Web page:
Over the past several years, as I’ve gone through the ordination process, I have had the opportunity to describe my salvation journey in multiple different papers that I’ve written. One of the things that always bothered me growing up was what I would call the doctrine of “personal decisionism” — the expectation that salvation always happens at an exact date and time. If you asked Sunday school teachers and other adult mentors, “Well, how do I know if I’ve been saved?” they would say, “Oh, you know if you are!” And if you acted enough unlike a Christian after your “decision,” then it proved retroactively that your decision wasn’t “sincere.” It took me decades to recognize that not everyone has to have a dramatic Damascus road experience like Paul. I got baptized in second grade, prayed Jesus back into my heart in tenth grade, but I think the most decisive moment in which God saved me was through a little girl in the Zocalo of San Cristobal de las Casas, Chiapas, Mexico, in August of 1998. Jesus makes three statements in Mark 9 and 10 that talk about the saving power of children. This was the basis for a sermon that I preached two weeks ago: How children save us. Below I have shared some further reflections on these three statements.
1) “Whoever welcomes a child in my name welcomes me.” (Mark 9:37)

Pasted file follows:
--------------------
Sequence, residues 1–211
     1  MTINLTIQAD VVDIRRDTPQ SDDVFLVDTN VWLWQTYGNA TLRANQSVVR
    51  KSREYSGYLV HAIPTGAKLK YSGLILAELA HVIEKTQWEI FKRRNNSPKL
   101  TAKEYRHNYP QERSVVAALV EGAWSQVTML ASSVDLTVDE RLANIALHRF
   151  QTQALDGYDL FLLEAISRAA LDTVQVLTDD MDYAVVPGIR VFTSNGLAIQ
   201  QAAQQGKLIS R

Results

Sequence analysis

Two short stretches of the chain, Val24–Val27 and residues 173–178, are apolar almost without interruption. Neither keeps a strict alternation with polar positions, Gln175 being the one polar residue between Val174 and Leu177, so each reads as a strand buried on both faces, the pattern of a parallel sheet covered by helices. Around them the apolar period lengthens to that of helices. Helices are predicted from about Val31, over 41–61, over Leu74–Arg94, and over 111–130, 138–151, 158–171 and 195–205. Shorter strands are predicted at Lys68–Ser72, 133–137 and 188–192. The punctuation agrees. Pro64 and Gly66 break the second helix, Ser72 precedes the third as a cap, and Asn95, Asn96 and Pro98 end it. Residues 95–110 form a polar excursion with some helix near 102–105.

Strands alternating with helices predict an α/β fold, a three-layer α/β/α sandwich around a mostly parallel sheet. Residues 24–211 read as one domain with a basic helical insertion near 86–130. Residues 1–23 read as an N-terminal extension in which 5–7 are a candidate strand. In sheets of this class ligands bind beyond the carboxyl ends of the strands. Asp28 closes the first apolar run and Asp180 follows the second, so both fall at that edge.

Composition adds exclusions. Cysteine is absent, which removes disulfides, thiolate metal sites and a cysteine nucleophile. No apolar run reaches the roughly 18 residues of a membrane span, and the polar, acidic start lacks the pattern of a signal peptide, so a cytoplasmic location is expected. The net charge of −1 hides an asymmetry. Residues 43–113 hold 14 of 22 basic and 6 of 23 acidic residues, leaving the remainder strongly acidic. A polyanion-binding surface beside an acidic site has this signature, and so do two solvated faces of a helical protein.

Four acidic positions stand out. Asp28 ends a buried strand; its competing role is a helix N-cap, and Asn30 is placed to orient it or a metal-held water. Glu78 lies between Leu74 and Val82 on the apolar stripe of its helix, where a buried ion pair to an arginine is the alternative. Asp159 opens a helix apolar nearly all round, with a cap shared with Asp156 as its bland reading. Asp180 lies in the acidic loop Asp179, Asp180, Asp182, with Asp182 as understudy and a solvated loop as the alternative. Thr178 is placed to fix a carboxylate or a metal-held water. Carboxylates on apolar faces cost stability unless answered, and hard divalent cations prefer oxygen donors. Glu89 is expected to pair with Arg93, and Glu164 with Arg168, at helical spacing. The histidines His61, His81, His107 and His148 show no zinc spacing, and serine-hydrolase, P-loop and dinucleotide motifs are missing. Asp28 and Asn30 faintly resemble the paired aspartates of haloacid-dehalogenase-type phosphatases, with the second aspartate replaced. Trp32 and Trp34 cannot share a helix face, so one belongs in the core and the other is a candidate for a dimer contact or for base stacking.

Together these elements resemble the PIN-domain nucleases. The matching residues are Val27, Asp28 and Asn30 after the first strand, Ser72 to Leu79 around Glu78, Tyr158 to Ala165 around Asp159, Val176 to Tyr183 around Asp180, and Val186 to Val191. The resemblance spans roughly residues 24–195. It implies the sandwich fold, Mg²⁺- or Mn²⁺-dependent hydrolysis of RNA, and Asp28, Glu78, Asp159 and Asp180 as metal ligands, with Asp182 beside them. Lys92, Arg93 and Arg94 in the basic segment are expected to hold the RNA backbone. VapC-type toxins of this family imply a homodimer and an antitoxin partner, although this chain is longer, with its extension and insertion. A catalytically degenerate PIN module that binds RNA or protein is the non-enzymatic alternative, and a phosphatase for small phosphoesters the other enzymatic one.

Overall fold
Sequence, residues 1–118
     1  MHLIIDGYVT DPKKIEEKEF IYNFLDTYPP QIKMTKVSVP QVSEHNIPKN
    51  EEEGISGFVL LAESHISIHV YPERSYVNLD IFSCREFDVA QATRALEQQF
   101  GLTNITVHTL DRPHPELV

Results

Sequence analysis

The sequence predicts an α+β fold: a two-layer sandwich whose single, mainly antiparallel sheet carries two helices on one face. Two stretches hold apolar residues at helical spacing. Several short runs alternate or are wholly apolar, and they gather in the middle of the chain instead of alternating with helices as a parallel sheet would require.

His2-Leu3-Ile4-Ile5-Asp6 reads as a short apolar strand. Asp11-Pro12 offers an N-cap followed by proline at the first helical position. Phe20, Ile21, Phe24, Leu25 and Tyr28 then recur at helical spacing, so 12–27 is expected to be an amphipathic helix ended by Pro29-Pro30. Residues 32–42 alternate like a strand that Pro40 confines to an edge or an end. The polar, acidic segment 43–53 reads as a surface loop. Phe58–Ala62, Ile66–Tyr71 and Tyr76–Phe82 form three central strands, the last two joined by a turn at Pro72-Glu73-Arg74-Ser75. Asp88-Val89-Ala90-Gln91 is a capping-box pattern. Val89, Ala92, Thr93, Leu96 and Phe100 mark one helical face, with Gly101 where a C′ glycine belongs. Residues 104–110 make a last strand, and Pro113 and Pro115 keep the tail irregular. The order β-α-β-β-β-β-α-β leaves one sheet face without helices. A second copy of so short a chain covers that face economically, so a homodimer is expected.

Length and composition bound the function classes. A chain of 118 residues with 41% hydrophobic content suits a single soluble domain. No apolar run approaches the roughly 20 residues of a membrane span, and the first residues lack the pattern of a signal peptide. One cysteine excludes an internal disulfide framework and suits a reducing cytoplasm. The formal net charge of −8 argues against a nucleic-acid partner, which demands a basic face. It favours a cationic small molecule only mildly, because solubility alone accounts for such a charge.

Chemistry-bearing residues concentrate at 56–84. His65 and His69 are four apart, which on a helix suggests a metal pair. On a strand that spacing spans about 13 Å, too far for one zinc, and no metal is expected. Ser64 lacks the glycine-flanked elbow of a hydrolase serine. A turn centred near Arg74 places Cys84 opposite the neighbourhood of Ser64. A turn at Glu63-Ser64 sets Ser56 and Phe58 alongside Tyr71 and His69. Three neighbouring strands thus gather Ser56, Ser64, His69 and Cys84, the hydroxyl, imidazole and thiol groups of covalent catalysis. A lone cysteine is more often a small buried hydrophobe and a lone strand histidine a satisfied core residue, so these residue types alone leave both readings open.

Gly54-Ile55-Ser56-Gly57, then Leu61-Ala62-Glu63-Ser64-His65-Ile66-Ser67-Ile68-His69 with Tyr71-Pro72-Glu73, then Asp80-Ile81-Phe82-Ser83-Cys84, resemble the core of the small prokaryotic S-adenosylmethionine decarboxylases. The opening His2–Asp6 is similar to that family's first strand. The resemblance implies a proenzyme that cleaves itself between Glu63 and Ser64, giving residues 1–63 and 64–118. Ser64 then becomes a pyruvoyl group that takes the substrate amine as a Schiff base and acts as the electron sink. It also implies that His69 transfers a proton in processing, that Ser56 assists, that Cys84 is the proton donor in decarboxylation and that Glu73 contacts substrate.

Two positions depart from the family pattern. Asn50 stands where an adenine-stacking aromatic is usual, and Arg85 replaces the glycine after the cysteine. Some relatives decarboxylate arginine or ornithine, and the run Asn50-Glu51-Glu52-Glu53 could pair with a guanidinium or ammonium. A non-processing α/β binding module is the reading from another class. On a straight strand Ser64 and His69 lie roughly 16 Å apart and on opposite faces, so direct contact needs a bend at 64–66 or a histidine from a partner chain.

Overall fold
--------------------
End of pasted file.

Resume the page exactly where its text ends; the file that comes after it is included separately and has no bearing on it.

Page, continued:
In the immediate context of the passage, Jesus is responding to the disciples’ bickering over who would be the greatest disciple. He says, “Anyone who wants to be first must be the very last, and the servant of all.” It’s very interesting how He picks up a child and puts Him in the middle of the group as His concrete representation of what it means to be last and a servant. We think that servanthood has to do with the sacrifices we are willing to make to “lend a helping hand” to other people. According to this definition, in middle-class American culture, most parents are their children’s “servants.” We don’t obey what they tell us to do, but we shape our lives around raising them to be successful. But servanthood to Jesus is not doing things for other people, at least in this context; it is a analogous to being the very last, at the bottom of the totem pole in a social order.